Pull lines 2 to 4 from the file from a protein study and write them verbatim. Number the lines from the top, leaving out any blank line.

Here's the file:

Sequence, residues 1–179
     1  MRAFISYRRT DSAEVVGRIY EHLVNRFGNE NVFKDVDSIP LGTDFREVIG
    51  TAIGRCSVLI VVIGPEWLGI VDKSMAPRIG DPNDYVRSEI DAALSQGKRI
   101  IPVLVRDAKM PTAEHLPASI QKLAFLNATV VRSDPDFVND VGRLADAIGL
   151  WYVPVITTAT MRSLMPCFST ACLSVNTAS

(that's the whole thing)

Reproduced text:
     1  MRAFISYRRT DSAEVVGRIY EHLVNRFGNE NVFKDVDSIP LGTDFREVIG
    51  TAIGRCSVLI VVIGPEWLGI VDKSMAPRIG DPNDYVRSEI DAALSQGKRI
   101  IPVLVRDAKM PTAEHLPASI QKLAFLNATV VRSDPDFVND VGRLADAIGL